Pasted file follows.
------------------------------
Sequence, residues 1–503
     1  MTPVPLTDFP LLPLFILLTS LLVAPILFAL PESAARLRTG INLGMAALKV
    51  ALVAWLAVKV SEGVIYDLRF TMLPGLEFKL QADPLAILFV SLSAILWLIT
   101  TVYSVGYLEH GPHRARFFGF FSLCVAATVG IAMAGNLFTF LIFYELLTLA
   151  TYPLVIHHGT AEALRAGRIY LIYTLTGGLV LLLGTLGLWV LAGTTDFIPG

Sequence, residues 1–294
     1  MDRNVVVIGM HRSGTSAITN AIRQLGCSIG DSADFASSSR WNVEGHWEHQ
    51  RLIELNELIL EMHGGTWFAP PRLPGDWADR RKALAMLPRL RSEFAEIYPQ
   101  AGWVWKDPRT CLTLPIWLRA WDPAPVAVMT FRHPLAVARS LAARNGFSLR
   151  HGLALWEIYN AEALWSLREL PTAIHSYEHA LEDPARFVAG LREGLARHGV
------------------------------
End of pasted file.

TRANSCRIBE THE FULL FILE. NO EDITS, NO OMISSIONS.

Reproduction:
Sequence, residues 1–503
     1  MTPVPLTDFP LLPLFILLTS LLVAPILFAL PESAARLRTG INLGMAALKV
    51  ALVAWLAVKV SEGVIYDLRF TMLPGLEFKL QADPLAILFV SLSAILWLIT
   101  TVYSVGYLEH GPHRARFFGF FSLCVAATVG IAMAGNLFTF LIFYELLTLA
   151  TYPLVIHHGT AEALRAGRIY LIYTLTGGLV LLLGTLGLWV LAGTTDFIPG

Sequence, residues 1–294
     1  MDRNVVVIGM HRSGTSAITN AIRQLGCSIG DSADFASSSR WNVEGHWEHQ
    51  RLIELNELIL EMHGGTWFAP PRLPGDWADR RKALAMLPRL RSEFAEIYPQ
   101  AGWVWKDPRT CLTLPIWLRA WDPAPVAVMT FRHPLAVARS LAARNGFSLR
   151  HGLALWEIYN AEALWSLREL PTAIHSYEHA LEDPARFVAG LREGLARHGV